S. J. Perelman
By a stroke of good fortune, the passenger scheduled to bunk with us had dropped dead the day before, leaving us in comparative comfort. Most of the other passengers were lodged three in a cabin with splendid disregard for their background and personalities.

The room next to ours, for example, was shared by a sluggish cotton converter from Philadelphia, a gaunt Jesuit missionary, and a small, fibrous mining engineer. The cotton man turned a beautiful shade of hunter's green directly he boarded the boat and retired groaning to his pillow. The missionary and the engineer, fellow-alumni of the Chapei prison camp, engaged from the outset in a heated and interminable argument about their experiences, each plainly inferring the other was a liar.

The trio in the other cabin was no less diverse. Tooker, a toothless leprechaun who represented an American canned-goods firm in Shanghai, devoted himself largely to special research involving bourbon, rarely emerging even for meals. Linklater and Cropsey, his cabin mates, were also collector's items. The former, a fattish, corpse-like citizen with the benign twinkle of a water moccasin, quickly put every man's hand against him by revealing that he was the ranking mortician of Hong Kong. Cropsey, whose protuberant frog eyes hinted at an obscure thyroid maladjustment deep in his blubber, was a minor insurance official somewhere east of Suez. He spoke with the measured profundity of the true bureaucrat; his most casual opinion was deeply pondered and deliberate, a weighty pronouncement handed down from Sinai. These, together with a Madame Chat, wife of an official in the Chinese Nationalist Government, and her eleven-year-old son, comprised our brave little company outward bound for Chinwangtao, Shanghai, Hong Kong, and Singapore.

The first couple of days out of the Golden Gate were uneventful. I spent them stretched out in the lower tier of my double berth, gritting my teeth to prevent my tongue from escaping and making a minute study of the plywood ceiling above me. Approximately every fifteen seconds, the Marine Flier rose with the speed of express elevator, shivered deliciously, and lurched steeply forward into the trough. As it reached the bottom of the curve, all the bureau drawers flew out, the locker doors opened, suitcases slid halfway out of the top bunk, and our toilet articles teetered toward the washbowl. The moment the ship began its ascent, the process reversed; with a salvo like the bombardment of Port Arthur, drawers and doors banged shut, suitcases smashed into the wall, and bottles splintered the shaving mirror.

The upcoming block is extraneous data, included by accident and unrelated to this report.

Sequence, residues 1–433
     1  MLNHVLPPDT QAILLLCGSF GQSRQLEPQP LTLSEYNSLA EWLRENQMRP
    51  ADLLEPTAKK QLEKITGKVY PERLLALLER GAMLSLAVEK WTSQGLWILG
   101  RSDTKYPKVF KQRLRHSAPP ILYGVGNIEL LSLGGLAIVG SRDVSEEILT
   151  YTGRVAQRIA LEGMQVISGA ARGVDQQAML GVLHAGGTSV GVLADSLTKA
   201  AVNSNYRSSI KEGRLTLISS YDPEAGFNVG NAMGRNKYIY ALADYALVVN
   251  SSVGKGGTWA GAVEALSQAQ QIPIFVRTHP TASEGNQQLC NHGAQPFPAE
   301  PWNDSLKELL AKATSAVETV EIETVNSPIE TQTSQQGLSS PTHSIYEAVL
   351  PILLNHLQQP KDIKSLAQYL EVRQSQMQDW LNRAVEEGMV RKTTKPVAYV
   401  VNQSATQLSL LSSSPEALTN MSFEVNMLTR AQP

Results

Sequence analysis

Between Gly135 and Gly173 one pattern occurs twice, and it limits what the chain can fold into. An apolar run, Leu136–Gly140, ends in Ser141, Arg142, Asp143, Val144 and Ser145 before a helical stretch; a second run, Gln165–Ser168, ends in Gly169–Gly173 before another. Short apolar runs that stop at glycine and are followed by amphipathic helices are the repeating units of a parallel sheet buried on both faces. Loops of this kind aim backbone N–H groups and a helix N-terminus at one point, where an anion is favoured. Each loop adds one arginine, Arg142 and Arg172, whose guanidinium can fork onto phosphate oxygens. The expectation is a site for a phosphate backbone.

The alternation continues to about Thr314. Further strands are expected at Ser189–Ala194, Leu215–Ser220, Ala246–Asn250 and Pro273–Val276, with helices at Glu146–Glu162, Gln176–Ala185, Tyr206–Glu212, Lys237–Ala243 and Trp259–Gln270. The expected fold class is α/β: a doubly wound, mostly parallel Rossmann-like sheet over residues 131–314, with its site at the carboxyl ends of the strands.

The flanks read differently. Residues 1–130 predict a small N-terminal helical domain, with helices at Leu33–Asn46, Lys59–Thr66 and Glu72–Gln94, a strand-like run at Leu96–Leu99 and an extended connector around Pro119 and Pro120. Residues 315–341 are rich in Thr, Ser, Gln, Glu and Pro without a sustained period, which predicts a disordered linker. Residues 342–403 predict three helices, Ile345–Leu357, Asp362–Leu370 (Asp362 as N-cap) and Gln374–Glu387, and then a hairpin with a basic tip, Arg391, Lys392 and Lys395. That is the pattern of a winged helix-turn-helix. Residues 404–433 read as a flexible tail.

It was pikestaff-plain and Doomsday-certain to me, a deep-water sailor since boyhood, that the Marine Flier was little more than a cheesebox on a raft and would momentarily founder with all hands. Even the veriest landlubber could perceive that the man whose duty it was to drive the ship --- the chauffeur or the motorman or whatever you call him --- was behaving with the grossest sort of negligence; more than likely he was asleep at the tiller or tickling the waitress, abandoning the craft to any, caprice of wind or wave. But Hirschfeld, who had an answer to everything, irritatingly persisted in minimizing the gravity of our plight.

"It's only the Japan Current," he said perfunctorily. "Every ship to the Orient has to pass through the Japan Current." Japan Current indeed; as if dereliction of duty deserving of a court-martial, aboard a mere cockleshell with one measly funnel, in the worst typhoon in the history of navigation, could be fobbed off with a few glib words about a current. The man's fatuity made my blood boil.

During this trying period, when my every faculty was needed to worry about the proper conduct of the ship, I ate frugally if at all, contenting myself with a cup of thin broth or soda cracker taken betimes; whereas Hirschfeld, with the stolidity of the true peasant, outdid himself in gluttony. Bread by the bushel basket, whole beeves, firkins of butter, and hogsheads of jam vanished down his maw; his arrival at table spread consternation in the galley. He lived only for the ship's bell summoning us to meals; twice he deliberately tripped up Jeffrey Chai, the little Chinese boy, to get the first helping.

At last a deputation of our fellow-passengers, hardly more than skin and bones, waited on me and begged my intercession. They pointed out what was long since apparent, that if Hirschfeld prolonged his outrageous behavior, the larder would be clean long before we crossed the International Date Line.

The crisis was partially solved by chaining Hirschfeld's leg to his bunk every other meal. The resulting howls and execrations penetrated to the bowels of the vessel: so much so that a deputation of sailors waited on me and begged me to use any means, short of slitting my friend's gullet, to still his dreadful clamor. In the end, I drew on my fairly extensive pre-medical experience and introduced 2.75 gr. of cyclopropane into his matutinal oatmeal, an expedient which kept him in a drowsy, half-animal state most of the day and allowed the rest of us to latch on to a few groceries.

--- © 1998, Burford Books

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